Jes Hathaway is the editor in chief of National Fisherman magazine and NationalFisherman.com.
Written by Adrianne Madden
Tuesday, 22 June 2010
The blessing and the curse of the BP oil spill in the Gulf of Mexico is that people are still talking about it.
I remember two months after Hurricane Katrina, locals and their advocates were calling for more coverage in the press because it had become a passé subject.
In the last couple of weeks, I've traveled to New Bedford, Mass., for a commercial marine trade show and to central Kentucky for a family gathering. The spill was a major topic of conversation everywhere I went and no matter who I talked to.
In New Bedford, I got back to my hotel room after a day of chatting with fishermen at the trade show and an evening of celebrating our 2010 Highliners. I turned on the TV to find Larry King interviewing the TV-star captains of "Deadliest Catch," who were in New Orleans to lend their support, meet with fishermen and advertise the freshness of gulf seafood.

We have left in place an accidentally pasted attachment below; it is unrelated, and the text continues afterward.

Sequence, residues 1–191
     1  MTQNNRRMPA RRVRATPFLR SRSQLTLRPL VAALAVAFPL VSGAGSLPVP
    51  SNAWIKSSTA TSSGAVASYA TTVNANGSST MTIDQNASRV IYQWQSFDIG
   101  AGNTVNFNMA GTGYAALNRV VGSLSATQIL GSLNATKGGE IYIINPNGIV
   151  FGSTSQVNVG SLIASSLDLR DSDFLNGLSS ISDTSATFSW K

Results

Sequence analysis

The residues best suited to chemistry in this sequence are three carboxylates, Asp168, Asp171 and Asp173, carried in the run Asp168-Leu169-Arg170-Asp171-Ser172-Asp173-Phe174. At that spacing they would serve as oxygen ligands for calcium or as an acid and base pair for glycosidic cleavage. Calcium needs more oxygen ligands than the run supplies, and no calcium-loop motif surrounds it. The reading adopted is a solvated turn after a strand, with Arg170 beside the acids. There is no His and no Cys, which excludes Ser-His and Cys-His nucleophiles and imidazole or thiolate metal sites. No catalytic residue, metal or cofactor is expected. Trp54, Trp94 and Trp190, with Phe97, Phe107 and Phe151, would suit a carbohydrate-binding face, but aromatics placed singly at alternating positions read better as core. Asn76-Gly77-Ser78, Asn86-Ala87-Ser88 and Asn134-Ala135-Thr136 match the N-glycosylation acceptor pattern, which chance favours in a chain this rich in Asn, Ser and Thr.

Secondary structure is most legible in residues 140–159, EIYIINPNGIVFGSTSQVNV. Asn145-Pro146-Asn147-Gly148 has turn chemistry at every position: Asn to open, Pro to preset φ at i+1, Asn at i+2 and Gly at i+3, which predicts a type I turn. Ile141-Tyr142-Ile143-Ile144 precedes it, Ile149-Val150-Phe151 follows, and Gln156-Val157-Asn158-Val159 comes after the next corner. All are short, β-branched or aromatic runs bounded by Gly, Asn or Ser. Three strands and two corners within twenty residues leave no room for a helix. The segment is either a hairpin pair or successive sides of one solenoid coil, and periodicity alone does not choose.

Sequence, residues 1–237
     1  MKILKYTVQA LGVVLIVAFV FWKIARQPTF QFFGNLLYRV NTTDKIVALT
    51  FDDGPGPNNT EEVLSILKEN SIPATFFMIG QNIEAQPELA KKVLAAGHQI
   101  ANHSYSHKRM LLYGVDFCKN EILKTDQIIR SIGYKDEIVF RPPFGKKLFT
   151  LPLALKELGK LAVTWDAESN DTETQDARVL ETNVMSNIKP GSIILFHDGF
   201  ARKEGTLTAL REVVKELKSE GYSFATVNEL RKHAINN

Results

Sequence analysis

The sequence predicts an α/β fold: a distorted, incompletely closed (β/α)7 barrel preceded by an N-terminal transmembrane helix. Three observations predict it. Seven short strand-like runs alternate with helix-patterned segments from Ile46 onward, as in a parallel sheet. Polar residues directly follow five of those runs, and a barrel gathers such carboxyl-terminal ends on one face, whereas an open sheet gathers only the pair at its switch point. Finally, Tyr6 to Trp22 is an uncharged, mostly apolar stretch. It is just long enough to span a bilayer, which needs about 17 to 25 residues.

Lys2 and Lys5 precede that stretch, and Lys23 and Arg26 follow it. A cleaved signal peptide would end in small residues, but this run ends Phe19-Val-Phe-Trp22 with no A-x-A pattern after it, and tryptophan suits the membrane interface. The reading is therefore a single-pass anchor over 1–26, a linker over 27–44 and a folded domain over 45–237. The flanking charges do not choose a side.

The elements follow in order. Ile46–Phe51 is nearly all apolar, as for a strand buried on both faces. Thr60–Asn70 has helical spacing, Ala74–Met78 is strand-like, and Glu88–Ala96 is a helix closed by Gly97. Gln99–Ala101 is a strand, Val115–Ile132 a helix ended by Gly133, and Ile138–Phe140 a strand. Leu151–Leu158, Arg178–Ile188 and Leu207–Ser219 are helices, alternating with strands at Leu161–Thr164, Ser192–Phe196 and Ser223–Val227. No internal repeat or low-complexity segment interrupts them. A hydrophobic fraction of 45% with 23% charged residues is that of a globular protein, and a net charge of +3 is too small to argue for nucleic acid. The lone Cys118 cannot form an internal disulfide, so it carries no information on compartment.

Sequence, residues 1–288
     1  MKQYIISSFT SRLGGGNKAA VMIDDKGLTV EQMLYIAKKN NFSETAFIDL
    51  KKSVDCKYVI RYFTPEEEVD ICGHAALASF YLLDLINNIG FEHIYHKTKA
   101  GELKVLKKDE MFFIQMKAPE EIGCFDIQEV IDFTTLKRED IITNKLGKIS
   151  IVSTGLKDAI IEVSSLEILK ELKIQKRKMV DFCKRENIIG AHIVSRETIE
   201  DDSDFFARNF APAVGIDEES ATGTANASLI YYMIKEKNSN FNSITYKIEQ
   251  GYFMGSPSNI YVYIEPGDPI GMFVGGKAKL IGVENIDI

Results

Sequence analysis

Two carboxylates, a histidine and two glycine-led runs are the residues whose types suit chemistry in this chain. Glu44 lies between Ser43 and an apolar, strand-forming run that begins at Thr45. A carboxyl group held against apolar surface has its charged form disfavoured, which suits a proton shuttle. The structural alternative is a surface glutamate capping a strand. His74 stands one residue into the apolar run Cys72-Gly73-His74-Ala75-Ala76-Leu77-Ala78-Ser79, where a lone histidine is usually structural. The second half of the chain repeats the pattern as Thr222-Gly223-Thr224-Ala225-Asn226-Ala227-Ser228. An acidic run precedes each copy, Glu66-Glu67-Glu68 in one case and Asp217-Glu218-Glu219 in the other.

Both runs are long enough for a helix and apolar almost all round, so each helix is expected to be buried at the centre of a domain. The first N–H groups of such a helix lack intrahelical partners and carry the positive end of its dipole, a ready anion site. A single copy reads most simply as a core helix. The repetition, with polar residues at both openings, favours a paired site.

It was enough to make me feel like fishermen were the center of the universe. But that's the kind of thinking that gets people in need ignored in the long run.
We can't let our brethren suffering from the oil spill forget that we are supporting them, and we can't allow the coverage of their struggles to wane from the press.
Write letters to newspapers, call politicians, and if you live in the gulf, talk to the journalists!
National Fisherman Live: 3/10/15
In this episode, Online Editor Leslie Taylor talks with Mike McLouglin, vice president of Dunlop Industrial and Protective Footwear.
National Fisherman Live: 2/24/15
In this episode:
March date set for disaster aid dispersal
Oregon LNG project could disrupt fishing
NOAA tweaks gear marking requirement
N.C. launches first commercial/recreational dock
Spiny lobster traps limits not well received
It is with great sadness that Furuno USA announced the passing of industry veteran and long-time Furuno employee, Ed Davis, on April 30.
Alaska Gov. Bill Walker is required by state statute to appoint someone to the Board of Fisheries by today, Tuesday, May 19. However, his efforts to fill the seat have gone unfulfilled since he took office in January. The seven-member board serves as an in-state fishery management council for fisheries in state waters.
The resignation of Walker’s director of Boards and Commissions, Karen Gillis, fanned the flames of controversy late last week.